|So having reached a zenith with the
McLaren F1 and, despite cost reservations, the clever T25 and
Mia, we now have a different configuration, the 2 plus 1. I
have 4 candidates, the first two of which are cars with many
merits. The others aren't.
Daimler Conquest Roadster Mark II drophead coupé had
a sideways-facing single rear seat. I find it impossible to
see the car without thinking of floral print dresses and scarves,
awfully nice young ladies, tweed clad gentlemen and grooms.
It just screams upper middle class 1950's. The sideways seat
is a great idea, and I think it was copied in a much later high
performance car, but I can't remember what it was. The legroom
is the full width of the car, but whilst it's ideal for sleeping
in or a couple of miles down to the pub, I'm not sure I would
fancy a long journey watching the world pass sideways; it could
induce a bit of motion sickness.
Also a child of its
time, the Hyundai HCDII show car was a pretty 3 seater with
a semi-sideways seat that I can't quite fathom. However, it's
probably cleverly thought out. Remember that at this time
- 1993 - Hyundai weren't the company that scares European
mid-range car builders, and outsells Renault in the UK by
a factor of nearly 2. They were a Korean butt of jokes. Maybe
this would have stopped that.
And to finish on the nadir. It's as hard to choose between
these two as worst 3 seater as it is easy to choose the McLaren
as the best.
Panther Westwinds were renowned for their pretty pastiche
sports cars. J72 mimicked the Jaguar SS, Lima was somewhat
in the style of a Morgan. Their Canadian importer asked for
something special for his wife so they built a one off. A
special bodied open car, based on an XJ6/12. What could possibly
go wrong? Imagine the lady's birthday. He: “Come and
see what I have for you, my dear”. She: “WHAT
THE **** IS THAT?????!!!!!”. At great cost, the underpinnings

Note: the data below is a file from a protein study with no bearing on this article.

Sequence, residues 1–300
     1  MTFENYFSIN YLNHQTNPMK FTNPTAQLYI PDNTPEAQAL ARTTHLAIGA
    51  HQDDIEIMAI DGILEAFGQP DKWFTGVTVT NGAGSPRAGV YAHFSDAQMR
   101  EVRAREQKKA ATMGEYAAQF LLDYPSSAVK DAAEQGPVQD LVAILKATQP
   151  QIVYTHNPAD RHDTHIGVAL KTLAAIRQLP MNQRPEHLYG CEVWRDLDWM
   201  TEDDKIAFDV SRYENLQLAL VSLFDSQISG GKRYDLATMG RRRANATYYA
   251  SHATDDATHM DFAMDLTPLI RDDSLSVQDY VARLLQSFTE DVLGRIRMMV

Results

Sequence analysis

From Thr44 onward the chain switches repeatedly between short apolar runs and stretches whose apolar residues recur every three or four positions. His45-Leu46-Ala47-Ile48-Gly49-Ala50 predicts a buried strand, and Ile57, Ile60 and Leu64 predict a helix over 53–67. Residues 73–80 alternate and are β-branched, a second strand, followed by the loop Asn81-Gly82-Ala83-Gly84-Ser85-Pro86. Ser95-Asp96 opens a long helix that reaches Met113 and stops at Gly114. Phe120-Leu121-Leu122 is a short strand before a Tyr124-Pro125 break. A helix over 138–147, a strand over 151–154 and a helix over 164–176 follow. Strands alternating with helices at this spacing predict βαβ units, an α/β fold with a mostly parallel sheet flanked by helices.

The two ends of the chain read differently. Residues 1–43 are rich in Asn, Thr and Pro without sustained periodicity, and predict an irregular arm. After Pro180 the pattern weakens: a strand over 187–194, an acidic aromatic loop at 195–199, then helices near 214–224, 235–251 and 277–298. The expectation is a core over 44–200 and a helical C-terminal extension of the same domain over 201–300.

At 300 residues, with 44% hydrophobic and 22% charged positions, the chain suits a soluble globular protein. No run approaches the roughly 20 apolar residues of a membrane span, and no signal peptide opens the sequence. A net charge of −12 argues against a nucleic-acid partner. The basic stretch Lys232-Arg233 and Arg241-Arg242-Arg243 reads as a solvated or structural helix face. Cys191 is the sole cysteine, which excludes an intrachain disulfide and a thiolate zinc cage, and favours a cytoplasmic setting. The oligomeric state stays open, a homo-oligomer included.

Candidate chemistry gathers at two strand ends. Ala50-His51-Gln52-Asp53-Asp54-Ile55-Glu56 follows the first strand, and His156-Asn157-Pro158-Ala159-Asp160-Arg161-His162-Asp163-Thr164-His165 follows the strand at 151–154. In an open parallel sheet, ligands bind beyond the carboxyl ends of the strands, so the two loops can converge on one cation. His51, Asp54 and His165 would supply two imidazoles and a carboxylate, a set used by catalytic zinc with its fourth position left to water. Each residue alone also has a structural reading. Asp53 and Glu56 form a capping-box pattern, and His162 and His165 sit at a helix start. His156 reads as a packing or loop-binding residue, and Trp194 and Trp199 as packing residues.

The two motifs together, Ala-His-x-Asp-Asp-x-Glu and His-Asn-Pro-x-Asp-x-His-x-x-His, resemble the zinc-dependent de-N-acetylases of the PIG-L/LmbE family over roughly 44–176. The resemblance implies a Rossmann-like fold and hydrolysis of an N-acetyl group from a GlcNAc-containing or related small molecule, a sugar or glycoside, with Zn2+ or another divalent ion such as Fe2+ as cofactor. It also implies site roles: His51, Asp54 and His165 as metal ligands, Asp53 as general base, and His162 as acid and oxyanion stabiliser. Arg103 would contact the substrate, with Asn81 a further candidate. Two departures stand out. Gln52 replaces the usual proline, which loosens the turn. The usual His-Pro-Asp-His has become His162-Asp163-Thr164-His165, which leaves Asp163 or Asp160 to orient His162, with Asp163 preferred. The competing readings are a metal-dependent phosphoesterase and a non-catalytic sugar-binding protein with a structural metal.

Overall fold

of a sleek saloon had been transformed into the Panther Lazer,
an oversized cheese shaped monstrosity with a comedy rear
wing. “Wacky races” was mentioned by some. Even
the point of this entry, the rear seat, was stupid as it was
perched on the transmission tunnel and the passenger's legs
poked between the front seats somewhat less practically than
Gordon's creations. It went back to Byfleet where it languished
for a year or two before being sold to the 14 year old Crown
Prince of Iran. Suddenly, the Iranian revolution looks a lot
|I'm not sure whether the last entry is really
a piece of post modern irony, or even performance art. It's
a product of the Geely company of China, the people who bought
Volvo from Ford. Called the Excellence, it's basically a productionised
version of the Powell Motors Homer from the Simpsons. Rolls
Royce got upset that the grille ripped them off, though even
Geely weren't able to imitate the “presence”, to
use the polite word, of the real Phantom and from some angles
it's almost ok. Instead of a 6.8 litre penguin roaster of an
engine as found in the Royce it has a 3 litre V6, which on a
good day might pull the skin off your custard. But the sheer
awfulness is in the back, separated by a glass partition from
the front, where there is a single seat - a throne – surrounded
by what a Chinese company or B&Q might think was luxury.
I've never considered a car before with more doors than seats.
Truly, this is the car of choice for the oppressive megalomaniac
dictator on a tight budget, as £30k or so was quoted as
Disclaimer: The above represents only the unofficial view of
the writer and not of the Monoposto Racing Club in any way whatsover.